Image from the author's personal empty tequila bottle

Image from the author’s personal empty tequila bottle

In a recent FTC ruling, people who bought caffeine-infused under-garments in hopes of losing weight will soon be getting their money back.  It seems that two different companies sold these jittery Jockey shorts and bilked people out of a million bucks or so.  Much to the disappointment of these shoppers, wearing tightey-whiteys with more buzz in them than a case of Jolt Cola won’t actually melt the pounds away.

The legal community would have us believe that this action has identified the wrong doers and punished them.  The innocent victims of the greedy scams will be reimbursed and everything will once again be right with the world.  What they don’t tell us is that with an extra fifty bucks squeezed back into their tight pants pockets, these folks are free to buy a case of Hostess Ho Ho’s, a couple of  bags of fried pork rinds, a Whopper with extra cheese and a large bottle of Diet Pepsi to wash it all down.

Clearly the lawyers over at the Fair Trade Commission didn’t pursue the logic of the caffeinated drawers far enough.  Follow the bouncing belly logic: People who think that they’d lose inches by wearing any sort of drug-laced undies are both desperate and blissfully unaware of human physiology.  In their frustration to drop pounds, they’re likely to try any number of other remedies, including but not limited to miracle weight loss creams, Super-cellulite-targeting electrical stimulators,  and of course Magic Lamps featuring “UV Lard-Away” technology.  Not only would these purchases feed the economies of several Third World countries by keeping a few hundred child laborers employed, they would also deplete the financial resources of people who need to lose weight.  Without money, these folks would eventually have to cut back on purchases at convenience stores and fast food joints.  Without enough money for food, they’d lose the weight after all.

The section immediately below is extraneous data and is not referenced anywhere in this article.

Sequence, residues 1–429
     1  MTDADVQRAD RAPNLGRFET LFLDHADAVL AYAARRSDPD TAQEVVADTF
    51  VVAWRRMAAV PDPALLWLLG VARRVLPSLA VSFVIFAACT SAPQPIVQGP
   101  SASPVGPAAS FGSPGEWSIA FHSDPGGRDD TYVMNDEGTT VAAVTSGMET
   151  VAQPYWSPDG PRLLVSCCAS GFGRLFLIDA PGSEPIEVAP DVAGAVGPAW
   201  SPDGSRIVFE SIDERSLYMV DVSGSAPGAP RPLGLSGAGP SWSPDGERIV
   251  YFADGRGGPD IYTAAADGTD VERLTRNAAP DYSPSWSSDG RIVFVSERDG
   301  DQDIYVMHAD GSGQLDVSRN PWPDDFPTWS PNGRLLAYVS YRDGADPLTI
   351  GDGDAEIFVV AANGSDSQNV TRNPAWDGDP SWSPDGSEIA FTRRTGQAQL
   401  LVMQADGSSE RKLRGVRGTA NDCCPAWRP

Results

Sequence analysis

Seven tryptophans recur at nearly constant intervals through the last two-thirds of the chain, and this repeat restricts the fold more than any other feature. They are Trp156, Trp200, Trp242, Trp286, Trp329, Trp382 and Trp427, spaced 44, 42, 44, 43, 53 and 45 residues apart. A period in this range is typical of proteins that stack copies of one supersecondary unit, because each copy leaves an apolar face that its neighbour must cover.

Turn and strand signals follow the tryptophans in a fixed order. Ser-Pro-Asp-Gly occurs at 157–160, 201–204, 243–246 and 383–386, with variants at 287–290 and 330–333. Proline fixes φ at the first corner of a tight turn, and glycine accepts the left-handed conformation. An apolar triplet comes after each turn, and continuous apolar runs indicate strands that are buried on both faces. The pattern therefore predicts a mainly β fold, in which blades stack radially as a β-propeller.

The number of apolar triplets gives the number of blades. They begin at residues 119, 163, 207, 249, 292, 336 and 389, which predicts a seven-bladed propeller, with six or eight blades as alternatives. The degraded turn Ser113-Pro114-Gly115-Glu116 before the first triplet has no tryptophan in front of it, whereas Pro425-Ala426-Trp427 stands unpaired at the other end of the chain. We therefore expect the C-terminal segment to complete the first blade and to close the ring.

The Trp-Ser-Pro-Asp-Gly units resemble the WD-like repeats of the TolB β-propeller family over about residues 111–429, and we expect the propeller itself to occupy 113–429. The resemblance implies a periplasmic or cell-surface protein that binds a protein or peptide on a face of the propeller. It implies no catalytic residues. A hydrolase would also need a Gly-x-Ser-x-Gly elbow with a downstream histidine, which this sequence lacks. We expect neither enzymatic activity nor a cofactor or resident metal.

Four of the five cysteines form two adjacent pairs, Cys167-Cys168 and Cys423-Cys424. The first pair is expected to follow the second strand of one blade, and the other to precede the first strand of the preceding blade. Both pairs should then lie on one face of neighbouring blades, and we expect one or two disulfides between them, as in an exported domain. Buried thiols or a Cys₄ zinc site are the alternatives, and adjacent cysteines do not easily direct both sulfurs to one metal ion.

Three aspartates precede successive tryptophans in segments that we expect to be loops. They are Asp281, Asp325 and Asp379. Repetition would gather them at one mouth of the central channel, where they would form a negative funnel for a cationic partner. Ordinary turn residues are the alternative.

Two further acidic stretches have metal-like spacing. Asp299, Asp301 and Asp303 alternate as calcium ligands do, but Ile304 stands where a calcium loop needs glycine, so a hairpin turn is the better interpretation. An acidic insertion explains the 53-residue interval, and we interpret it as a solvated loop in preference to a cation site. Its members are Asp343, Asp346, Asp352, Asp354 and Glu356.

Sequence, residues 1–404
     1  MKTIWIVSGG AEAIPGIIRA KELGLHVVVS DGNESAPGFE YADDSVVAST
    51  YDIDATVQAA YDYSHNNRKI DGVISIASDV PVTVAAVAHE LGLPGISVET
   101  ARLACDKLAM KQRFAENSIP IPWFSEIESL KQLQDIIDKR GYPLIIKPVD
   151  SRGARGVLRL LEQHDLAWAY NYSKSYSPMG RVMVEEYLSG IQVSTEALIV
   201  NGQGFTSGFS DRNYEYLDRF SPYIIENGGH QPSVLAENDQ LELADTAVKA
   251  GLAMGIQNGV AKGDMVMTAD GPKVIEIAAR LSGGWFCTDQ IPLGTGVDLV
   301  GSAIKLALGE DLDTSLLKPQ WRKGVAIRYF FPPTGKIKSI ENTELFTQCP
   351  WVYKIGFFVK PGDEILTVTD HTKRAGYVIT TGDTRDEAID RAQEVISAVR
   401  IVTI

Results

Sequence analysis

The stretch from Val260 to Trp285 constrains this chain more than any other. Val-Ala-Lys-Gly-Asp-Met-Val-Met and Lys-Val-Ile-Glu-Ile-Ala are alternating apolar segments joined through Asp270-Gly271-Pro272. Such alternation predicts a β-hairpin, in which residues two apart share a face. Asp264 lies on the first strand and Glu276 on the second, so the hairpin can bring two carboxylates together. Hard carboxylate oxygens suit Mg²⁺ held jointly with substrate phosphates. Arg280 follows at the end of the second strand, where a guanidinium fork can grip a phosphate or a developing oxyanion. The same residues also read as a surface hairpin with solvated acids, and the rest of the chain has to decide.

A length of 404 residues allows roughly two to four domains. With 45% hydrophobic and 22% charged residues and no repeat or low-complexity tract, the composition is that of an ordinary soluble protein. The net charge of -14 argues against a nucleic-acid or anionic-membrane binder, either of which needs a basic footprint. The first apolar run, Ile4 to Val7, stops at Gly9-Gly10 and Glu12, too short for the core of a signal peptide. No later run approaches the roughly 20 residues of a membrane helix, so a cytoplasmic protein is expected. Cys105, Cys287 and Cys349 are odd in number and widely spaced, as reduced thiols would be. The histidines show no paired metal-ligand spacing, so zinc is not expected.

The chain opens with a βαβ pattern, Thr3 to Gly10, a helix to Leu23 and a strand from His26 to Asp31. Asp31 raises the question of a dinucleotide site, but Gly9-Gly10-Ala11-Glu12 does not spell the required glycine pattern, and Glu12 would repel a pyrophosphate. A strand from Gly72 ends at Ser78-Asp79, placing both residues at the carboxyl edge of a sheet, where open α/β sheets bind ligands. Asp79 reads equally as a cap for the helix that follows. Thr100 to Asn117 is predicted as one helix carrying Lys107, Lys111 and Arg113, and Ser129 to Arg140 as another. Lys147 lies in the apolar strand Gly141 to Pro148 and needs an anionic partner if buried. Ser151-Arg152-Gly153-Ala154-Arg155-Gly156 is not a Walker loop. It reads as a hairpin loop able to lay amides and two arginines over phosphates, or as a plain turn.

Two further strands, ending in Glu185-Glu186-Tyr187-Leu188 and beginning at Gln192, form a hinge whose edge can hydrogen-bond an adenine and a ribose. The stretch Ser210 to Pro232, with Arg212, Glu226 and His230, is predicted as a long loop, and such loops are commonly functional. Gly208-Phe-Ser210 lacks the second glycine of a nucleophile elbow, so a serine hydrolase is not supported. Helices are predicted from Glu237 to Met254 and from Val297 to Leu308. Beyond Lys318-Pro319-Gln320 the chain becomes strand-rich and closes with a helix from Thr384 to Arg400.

Author’s Disclaimer: The lack of money won’t really help people drop pounds, since everyone knows that healthy food costs more than processed junk.  There is every likelihood that these folks would actually end up gaining weight as their financial resources dwindled – but c’mon, where’s the fun writing about that?

The bottom line is that we needn’t worry about whether these people were bilked, because the legal eagles have come to their rescue.  The same legal community has been responsible for forcing manufacturers to put warning statements on the tops of step ladders and sides of coffee cups to keep us safe from ourselves.  Without their yeoman’s work, many members of our society would be at risk for any number of heinous injuries and even death.  On a side note, people who are illiterate remain largely unprotected, unless you count those cute little drawings of stick figures being electrocuted or slipping on wet floors.

This drawing should serve as ample warning to most anyone about the risks of hanging around giant rolling thumb tacks.  (Image from Etsy dot com)

This drawing should serve as ample warning to most anyone about the risks of hanging around giant, rolling thumb tacks. (Image from Etsy dot com)

I’m not the first person to write about the over-protection of the stupid, and I will surely not be the last.  In fact I’ve already written about it in the past.  The laws of nature and thinning of the herd is all well and good for antelope and musk oxen, but the lawyers just can’t let this balance apply to humans.  We’ve all seen the Mutual of Omaha’s Wild Kingdom episode where the gimpy wildebeest gets chased down by a pack of hyenas, and accepted it as being part of “the circle of life”, “food chain of the Serengeti” or whatever other poetic sounding euphemism the narrator uses.  It’s okay for a cape buffalo with a bad wheel to get torn to shreds on the savannah, but somehow the thought of people getting gypped out of a few bucks because they are not intelligent is just so very, very wrong.

If Red Bull can't come through with the wings they promised, would a helmet or some knee pads be too much to ask for? (Image from everythingshecks dot tumblr dot com)

If Red Bull can’t come through with the wings they promised, would a helmet or some knee pads be too much to ask for? (Image from everythingshecks dot tumblr dot com)

Before I could even finish writing this post about people being saved from their own idiocy regarding weight loss inducing panties, I’ve come across another article wherein Red Bull Energy Drink is giving away money to appease class action litigants who were disappointed that despite the drink’s ad promises to the contrary, they didn’t in fact sprout wings.  I personally have always steered clear of Red Bull, largely because of concerns that I couldn’t afford the custom wardrobe I’d need to accommodate a pair of wings.  Besides, I get more than enough of my daily caffeine intake via my boxer briefs.